At firms that offered coverage, 78% of workers were eligible to enroll, and among workers who were eligible, 77% chose to enroll. Put together, this means that 60% of workers with employers that offered health benefits had coverage. Part-time workers were less likely to have employer-sponsored coverage, since only 26% of large firms and 17% of small firms offered coverage to them.
Among firms not offering health benefits, various reasons were cited:
Overall, 75% of firms that offered health benefits only offered one health plan. However, large firms were more likely to offer more than one plan type.
Among firms offering one type of health plan, PPOs were the most common plan type, followed by high deductible health plans with a savings option (HDHP/SO).
For covered workers enrolled in an HDHP with a health savings account, the average annual employer HSA contribution was $648 for single coverage and $1,117 for family coverage. However, 39% of employers offering single coverage and 32% of employers offering family coverage did not make any contribution to workers’ HSAs.
Self-funding was a common option, especially among large employers. In 2022, 65% of covered workers were in a self-funded plan. This is similar to what was seen in 2021, when 64% of covered employees were in a self-funded plan.
In 2022, 38% of small firms that offered health benefits used a level-funded plan, which combines a small self-funded component with stop-loss insurance.
The vast majority of employers that provided health benefits also provided prescription drug benefits. KFF says prescription drug benefit designs have become increasingly complex with the implementation of formularies and multiple cost-sharing tiers.
In 2022, 40% of small firms and 55% of large firms offered health risk assessments, while 24% of small firms and 45% of large firms offered biometric screening. KFF says the number of large firms offering biometric screening has increased since 2021, when only 38% offered this, and it appears that companies are reinstating programs that were paused during the pandemic. Among large firms offering health benefits, 85% offered a specific wellness program; this is the same percentage seen in 2017.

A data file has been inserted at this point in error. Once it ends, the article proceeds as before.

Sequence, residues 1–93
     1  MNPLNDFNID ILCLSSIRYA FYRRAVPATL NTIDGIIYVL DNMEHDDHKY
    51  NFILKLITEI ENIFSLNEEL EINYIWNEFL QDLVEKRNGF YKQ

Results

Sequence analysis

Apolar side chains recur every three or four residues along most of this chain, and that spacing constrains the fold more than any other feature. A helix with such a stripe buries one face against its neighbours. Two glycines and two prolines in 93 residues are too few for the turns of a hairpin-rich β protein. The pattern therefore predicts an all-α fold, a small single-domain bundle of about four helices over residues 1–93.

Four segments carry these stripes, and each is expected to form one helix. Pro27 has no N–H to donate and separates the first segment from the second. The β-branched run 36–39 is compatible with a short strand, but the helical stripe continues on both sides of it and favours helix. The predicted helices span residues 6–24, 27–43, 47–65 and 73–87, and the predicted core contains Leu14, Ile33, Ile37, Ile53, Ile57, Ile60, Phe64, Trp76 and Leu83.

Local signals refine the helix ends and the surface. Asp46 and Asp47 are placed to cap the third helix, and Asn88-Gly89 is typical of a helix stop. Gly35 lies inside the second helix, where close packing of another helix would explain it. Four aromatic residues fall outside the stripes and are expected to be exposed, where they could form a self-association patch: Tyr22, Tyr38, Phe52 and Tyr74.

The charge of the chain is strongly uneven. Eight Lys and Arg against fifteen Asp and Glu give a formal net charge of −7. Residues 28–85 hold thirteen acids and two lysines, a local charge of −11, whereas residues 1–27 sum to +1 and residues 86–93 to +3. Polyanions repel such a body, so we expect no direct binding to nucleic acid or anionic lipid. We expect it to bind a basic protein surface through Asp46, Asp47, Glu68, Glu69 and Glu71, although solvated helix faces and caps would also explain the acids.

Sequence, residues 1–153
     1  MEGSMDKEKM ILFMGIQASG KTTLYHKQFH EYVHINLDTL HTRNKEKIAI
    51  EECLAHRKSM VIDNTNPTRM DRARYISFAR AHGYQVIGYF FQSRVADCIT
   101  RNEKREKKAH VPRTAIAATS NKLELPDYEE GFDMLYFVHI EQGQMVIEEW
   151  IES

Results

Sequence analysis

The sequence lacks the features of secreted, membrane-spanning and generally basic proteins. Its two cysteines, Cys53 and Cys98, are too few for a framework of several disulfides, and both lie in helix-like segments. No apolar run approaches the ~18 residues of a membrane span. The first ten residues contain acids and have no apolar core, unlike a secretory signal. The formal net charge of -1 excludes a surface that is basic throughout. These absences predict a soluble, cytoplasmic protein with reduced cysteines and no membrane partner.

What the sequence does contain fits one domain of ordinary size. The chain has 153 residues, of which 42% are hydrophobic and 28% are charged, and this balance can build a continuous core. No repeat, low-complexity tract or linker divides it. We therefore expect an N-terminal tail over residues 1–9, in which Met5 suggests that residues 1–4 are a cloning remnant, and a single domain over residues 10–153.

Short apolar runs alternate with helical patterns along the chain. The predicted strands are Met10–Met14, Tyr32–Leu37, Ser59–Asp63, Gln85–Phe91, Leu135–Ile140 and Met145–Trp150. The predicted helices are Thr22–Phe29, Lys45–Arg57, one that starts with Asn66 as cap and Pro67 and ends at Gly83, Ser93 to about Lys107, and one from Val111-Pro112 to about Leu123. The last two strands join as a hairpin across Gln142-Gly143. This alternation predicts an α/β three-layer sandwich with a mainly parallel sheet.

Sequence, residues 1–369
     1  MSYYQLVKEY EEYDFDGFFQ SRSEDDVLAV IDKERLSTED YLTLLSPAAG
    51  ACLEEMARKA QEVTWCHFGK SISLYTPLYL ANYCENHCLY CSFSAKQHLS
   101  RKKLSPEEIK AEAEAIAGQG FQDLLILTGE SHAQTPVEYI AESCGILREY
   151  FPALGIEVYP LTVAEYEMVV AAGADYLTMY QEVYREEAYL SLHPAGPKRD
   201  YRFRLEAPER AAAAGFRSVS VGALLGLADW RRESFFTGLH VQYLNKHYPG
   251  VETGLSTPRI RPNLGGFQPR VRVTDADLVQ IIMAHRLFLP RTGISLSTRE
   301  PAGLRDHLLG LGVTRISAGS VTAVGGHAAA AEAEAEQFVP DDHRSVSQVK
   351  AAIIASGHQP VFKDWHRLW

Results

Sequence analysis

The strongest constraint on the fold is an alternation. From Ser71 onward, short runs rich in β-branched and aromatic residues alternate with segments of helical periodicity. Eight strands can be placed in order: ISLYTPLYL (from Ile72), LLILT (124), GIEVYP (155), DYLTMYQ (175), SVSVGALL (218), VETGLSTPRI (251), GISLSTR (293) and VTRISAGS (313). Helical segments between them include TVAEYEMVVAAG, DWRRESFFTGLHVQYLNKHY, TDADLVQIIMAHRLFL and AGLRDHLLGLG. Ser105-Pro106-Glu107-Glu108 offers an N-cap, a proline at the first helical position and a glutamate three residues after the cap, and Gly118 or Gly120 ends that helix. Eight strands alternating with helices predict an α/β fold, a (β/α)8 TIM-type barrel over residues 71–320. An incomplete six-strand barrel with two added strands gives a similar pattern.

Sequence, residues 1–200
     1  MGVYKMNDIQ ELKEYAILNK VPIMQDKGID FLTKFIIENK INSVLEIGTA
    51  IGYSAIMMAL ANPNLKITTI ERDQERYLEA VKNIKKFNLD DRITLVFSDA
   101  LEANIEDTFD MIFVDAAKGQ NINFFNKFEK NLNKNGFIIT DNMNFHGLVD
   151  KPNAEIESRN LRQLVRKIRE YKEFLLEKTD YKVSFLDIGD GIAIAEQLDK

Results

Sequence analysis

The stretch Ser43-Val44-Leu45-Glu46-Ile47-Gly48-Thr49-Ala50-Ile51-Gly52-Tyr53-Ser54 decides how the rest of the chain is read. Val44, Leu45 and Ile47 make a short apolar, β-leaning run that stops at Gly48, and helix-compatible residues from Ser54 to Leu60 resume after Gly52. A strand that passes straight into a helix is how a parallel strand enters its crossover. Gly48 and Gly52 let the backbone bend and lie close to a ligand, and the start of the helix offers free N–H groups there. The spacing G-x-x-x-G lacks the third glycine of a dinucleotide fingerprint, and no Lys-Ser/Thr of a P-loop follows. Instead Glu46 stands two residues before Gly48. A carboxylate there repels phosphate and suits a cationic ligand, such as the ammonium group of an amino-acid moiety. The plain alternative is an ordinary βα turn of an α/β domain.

Telemedicine has proven to be a popular option, and 96% of large firms have telemedicine options in their largest health plan, up from three years ago, when only 82% did. Among firms with 50 to 199 workers, 87% provide health plans with telemedicine, compared to 65% that did so three years ago.
Telemedicine services can be offered through a specialized provider like Teledoc, MDLIVE or Doctor on Demand or through the health plan. Among firms that have 50 or more employees and offer telemedicine services:
KFF says that 65% of employers at small firms and 79% of employers at large firms are satisfied or very satisfied with the cost of care for their employees.
In other metrics, large and small firms noted more similar levels of satisfaction. Around 87% of employers are satisfied or very satisfied with the quality of care, and around 88% are satisfied or very satisfied with timely access to services. Additionally, around 76% of employers are satisfied with the level of employee engagement with benefits.
The 2022 KFF Employer Benefits Survey shows what other employers are doing, and this can serve as an important benchmark. Employees tend to place a high value on health benefits, so offering a competitive plan is a critical component of any employer’s talent strategy, regardless of the size of the company.
Whether you have one employee or 1,000, Altura can help you access a health insurance plan at the best rates. Learn more.
Are you a company looking for benefits or an individual seeking insurance? We are here to help. Answer a few questions and we can get you a quote. Get started by filling out the information below.
"*" indicates required fields